How to Use Level II Stock Quotes for Day Trading

Familiarize Yourself With the Level II Screen

See the three separate boxes within the one Level II screen. These vary according to your service provider and are distinguished by color. The details are the same.

Notice the current bid/ask price with total daily volume.

Watch the time/price/number of transacted shares for each trade. This is the time stamp box.

Look at the list containing number of shares, bid prices from highest to lowest with corresponding ask prices from lowest to highest. This box contains the market makers, brokerage companies and ECN's lined up for trades.

Observe the Upper Box With General Information

Track the big picture in this box. Each stock has an average daily trading volume so compare that number with the current amount in this box to determine any increase or decrease in the volume. A lot of volume might mean news is out. Better check for news.

Observe the total shares traded and current bid/ask prices that lets you know real time status of the equity.

Use your favorite website to see the average trading volume. This information is found on many sites, such as yahoo.com. Compare average with current total amounts.

Keep an Eye on the Time Stamp Box

Watch each trade noting time, price and number of shares for each transaction. Every trade for an individual stock is published in Level II stock quotes.

Apply this information to see which way the price is moving and the share size of each trade. If the trades are large in size and the price is moving up then there is greater demand than supply.

Notice closely this momentum of price and share amount. Day trading skills involve quick execution. The market turns when price levels stall out. The time stamp is a good indicator for direction of price. If the price rises to $10 but is unable to move higher then watch for lower price sales signaling a possible downtown.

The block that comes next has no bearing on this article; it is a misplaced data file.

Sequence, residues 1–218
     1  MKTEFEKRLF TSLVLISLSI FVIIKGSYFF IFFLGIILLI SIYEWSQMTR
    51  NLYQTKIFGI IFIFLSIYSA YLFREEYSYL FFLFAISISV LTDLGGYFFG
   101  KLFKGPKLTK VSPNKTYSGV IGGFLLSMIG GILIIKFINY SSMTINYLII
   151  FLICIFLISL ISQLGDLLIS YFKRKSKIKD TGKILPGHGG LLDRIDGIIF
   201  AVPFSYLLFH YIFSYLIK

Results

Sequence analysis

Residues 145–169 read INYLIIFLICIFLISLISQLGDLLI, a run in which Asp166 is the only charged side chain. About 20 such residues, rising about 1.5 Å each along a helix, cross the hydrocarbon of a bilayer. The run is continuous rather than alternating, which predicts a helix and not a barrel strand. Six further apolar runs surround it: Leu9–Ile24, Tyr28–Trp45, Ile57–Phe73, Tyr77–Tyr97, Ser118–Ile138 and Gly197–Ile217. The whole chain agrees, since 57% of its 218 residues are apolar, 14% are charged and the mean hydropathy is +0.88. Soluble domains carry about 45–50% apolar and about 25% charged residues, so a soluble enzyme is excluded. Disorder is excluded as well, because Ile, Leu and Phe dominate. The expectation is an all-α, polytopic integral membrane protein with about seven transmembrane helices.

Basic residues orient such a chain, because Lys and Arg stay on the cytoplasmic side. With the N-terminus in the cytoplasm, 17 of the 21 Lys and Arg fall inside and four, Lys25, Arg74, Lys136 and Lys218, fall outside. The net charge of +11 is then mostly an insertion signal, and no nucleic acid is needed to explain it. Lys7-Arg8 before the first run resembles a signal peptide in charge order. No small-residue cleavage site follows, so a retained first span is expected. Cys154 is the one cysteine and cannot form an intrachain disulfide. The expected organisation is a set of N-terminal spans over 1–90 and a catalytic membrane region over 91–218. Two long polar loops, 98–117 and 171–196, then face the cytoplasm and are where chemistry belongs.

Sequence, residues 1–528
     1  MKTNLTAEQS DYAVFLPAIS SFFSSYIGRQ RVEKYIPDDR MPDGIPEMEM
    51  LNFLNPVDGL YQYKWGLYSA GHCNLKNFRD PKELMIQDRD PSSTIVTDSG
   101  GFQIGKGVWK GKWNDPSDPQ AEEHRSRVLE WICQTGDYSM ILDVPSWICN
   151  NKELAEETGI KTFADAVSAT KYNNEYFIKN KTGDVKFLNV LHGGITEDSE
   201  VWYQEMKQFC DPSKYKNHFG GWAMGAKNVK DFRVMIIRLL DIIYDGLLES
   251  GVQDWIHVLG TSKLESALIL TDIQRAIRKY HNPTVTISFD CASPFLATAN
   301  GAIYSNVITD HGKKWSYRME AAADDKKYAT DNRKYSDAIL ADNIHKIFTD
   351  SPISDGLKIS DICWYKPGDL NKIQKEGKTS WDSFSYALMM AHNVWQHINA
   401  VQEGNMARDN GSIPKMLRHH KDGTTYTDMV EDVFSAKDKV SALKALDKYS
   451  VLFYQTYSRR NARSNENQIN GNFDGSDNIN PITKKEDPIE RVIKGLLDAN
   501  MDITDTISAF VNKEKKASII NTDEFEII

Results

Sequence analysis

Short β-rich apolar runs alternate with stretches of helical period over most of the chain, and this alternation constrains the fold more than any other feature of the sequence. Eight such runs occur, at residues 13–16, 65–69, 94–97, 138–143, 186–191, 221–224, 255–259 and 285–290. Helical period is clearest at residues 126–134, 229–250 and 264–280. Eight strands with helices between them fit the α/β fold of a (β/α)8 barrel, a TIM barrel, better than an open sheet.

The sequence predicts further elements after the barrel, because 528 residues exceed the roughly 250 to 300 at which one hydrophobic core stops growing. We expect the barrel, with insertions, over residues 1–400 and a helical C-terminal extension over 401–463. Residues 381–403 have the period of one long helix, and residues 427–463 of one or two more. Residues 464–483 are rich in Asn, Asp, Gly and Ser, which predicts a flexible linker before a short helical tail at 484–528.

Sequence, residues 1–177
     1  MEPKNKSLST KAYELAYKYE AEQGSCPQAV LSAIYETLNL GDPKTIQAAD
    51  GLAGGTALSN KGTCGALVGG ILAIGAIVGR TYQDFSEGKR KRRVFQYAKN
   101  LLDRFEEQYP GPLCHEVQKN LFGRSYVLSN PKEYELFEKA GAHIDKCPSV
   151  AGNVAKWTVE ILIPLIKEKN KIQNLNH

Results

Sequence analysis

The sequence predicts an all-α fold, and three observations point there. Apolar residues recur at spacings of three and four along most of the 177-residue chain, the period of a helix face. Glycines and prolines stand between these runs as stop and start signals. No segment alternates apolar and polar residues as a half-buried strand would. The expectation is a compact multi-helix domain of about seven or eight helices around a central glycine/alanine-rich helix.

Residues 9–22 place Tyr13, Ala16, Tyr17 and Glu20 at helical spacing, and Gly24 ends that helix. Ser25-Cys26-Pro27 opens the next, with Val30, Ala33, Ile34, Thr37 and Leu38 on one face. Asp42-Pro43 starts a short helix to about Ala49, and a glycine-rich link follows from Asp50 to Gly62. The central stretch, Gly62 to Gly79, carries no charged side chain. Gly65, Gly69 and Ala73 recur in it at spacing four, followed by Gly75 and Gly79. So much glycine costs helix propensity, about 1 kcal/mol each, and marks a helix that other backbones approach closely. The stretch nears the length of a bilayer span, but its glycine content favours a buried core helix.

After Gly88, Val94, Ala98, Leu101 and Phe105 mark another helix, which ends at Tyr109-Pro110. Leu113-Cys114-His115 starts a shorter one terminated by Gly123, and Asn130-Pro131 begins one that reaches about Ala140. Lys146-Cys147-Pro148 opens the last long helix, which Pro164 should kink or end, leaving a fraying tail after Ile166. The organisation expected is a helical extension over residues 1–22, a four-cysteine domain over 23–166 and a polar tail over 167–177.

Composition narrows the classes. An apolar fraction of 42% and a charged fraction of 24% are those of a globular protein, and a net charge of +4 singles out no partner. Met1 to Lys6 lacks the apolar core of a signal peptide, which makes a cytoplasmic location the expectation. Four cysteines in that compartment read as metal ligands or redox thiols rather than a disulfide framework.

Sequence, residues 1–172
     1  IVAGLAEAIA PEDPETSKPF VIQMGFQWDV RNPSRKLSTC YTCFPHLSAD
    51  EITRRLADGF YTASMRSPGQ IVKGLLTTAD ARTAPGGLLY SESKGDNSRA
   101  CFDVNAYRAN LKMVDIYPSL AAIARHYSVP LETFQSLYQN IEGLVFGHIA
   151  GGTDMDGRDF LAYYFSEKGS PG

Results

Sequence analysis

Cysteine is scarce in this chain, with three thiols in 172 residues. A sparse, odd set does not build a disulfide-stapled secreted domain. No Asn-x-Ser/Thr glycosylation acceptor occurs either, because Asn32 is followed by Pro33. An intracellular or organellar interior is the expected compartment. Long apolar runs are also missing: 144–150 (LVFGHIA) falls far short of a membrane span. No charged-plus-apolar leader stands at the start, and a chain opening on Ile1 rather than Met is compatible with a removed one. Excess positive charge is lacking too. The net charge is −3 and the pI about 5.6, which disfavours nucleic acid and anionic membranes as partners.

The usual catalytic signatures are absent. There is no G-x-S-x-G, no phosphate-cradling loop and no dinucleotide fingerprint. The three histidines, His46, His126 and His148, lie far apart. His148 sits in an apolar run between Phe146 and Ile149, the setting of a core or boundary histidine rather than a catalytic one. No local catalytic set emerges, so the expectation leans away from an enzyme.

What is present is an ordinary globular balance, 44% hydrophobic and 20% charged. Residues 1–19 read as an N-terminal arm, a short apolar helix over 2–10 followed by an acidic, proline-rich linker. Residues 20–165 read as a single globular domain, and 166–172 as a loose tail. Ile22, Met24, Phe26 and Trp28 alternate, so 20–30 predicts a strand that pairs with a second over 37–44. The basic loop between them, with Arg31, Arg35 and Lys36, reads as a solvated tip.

See the Market Movers in the Main Box

Study all the bids, asking prices and number of shares listed for each participant. One column contains bidding share price and size. The other column has asking price quotes and size.

Track the market makers, brokers and ECN's next to these orders. The advantage is that the day trader sees if the sellers are lining up or the buyers are lining up moving the stock up or down. Remember the side that has the most shares is a good indicator of which way the price will move.

Know the market makers and brokerage firms that are active. It's good to realize who is moving the market. They are listed by letters and not full names. For example: Lehman Brothers (LEHM). All brokerage companies trading on the exchange have symbols. Observe over time to pick out the market maker wanting to unload a large amount of stock. This usually means a downward price movement. Remember the reverse is also true! Download the list at allstocks.com.

Know the ECN's. Many times individual trading activity is routed by a broker or service provider to these automated trading systems. A quick glance indicates who is buying or selling in real time with the direction of price based on volume. See your list to get a feel of which market is active.

Make the trade or decide the risk is too high based on the activity.